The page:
Crunchy, creamy and chewy are different types of textures.

How to Help a Child With Texture Eating

by Kathryn Walsh

If your child eats nothing but applesauce and yogurt, she may have more of an issue with texture than with the way food tastes. It’s common for children with autism to be resistant to trying new textures, but any child can go through a picky phase. Rather than getting frustrated and turning mealtime into a battle, keep your cool and keep trying new foods so you can ensure that your child is eating a balanced and healthy diet.

Give the child toys to chew on. Children who are preschool age or younger will enjoy using these toys, which are made of a rubber-like substance, and they help get the child used to texture. Buy a toy online from a store that sells sensory processing equipment for children and let your child chew on it throughout the day.

Buy her an electric toothbrush. Feeling vibration in her mouth when she brushes her teeth can help her get used to feeling different sensations in her mouth. Let her pick out the toothbrush she wants and a new tube of flavored toothpaste to make it seem like a treat.

Serve food at a temperature she likes. Temperature is like another kind of texture, so if she doesn’t like food that’s very hot or very cold, she may not eat her meal. Let dishes come to room temperature before serving them.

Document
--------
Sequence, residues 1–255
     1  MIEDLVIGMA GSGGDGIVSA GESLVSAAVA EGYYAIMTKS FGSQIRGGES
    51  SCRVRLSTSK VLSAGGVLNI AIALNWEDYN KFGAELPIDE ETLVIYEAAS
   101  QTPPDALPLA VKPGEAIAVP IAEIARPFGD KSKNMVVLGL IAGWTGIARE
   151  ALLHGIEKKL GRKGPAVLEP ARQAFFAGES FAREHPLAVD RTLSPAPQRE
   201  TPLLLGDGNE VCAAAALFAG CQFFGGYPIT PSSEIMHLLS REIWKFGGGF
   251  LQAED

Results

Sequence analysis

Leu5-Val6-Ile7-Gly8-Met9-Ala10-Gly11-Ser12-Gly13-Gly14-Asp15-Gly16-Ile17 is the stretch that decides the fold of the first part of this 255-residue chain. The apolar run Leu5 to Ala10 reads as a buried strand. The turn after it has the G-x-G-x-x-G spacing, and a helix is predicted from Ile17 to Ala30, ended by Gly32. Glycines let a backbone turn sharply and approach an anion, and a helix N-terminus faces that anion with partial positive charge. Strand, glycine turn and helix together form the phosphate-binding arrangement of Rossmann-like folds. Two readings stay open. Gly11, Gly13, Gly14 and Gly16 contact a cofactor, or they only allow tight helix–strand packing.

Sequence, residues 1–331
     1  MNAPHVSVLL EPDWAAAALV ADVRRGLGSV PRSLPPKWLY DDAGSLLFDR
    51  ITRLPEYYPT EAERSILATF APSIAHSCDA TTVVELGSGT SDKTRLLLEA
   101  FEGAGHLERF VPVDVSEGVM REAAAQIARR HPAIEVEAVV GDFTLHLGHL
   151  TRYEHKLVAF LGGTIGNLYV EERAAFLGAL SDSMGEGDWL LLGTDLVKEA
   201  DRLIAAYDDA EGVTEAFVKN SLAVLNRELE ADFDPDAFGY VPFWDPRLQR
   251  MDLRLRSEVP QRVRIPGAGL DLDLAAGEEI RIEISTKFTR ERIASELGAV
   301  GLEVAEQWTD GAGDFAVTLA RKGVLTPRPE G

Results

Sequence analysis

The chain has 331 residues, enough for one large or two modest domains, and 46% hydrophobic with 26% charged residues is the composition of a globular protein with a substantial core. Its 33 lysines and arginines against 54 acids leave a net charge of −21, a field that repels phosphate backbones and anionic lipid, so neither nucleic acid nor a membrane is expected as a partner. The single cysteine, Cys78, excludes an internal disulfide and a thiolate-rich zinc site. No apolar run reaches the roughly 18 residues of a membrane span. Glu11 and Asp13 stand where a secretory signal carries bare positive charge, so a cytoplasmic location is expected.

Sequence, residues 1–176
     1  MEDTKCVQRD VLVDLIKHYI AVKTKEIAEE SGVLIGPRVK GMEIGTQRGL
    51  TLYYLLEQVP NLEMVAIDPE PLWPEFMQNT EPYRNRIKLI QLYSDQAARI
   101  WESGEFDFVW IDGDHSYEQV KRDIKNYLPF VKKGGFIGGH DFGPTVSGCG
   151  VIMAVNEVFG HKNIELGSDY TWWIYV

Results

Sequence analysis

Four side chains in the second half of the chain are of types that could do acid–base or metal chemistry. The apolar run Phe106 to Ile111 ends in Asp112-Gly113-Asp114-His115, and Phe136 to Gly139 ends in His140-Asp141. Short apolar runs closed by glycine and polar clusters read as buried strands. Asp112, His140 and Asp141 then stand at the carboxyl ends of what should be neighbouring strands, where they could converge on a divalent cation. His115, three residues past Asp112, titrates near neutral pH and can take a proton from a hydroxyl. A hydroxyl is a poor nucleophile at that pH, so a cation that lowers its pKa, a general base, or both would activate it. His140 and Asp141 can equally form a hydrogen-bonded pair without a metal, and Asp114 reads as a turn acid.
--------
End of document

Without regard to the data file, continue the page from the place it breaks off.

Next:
Let her eat with her hands. The texture of a fork or spoon may be bothering her, and using her fingers will help make her more comfortable.

Introduce new textures gradually. Serve foods that have similar textures to the ones she likes. If she likes soft mashed potatoes, serve her mashed potatoes with a few potato chunks one day. Serve a smoothie that includes a few chunks of fruit the next night and a bowl of soup with chunks of vegetables the next night. Add more and more new textures each day.

Praise her each time she tries something new. Tell her you’re proud when she eats even a single bite of a new texture.

Give her space. Let her take her time and stay at the table after everyone else is finished eating if necessary. She may be more willing to try something new without the pressure of others watching her eat.

Items you will need

  • Children chew toys
  • Electric toothbrush
  • Toothpaste


  • If your child is not growing or seems weak, visit her pediatrician right away. Her refusal to eat a wide range of foods may be causing malnourishment.

About the Author

Cooking, travel and parenting are three of Kathryn Walsh's passions. She makes chicken nuggets during days nannying, whips up vegetarian feasts at night and road trips on weekends. Her work has appeared to The Syracuse Post-Standard and insider magazine. Walsh received a master's degree in journalism from Syracuse University.

Photo Credits

  • Medioimages/Photodisc/Digital Vision/Getty Images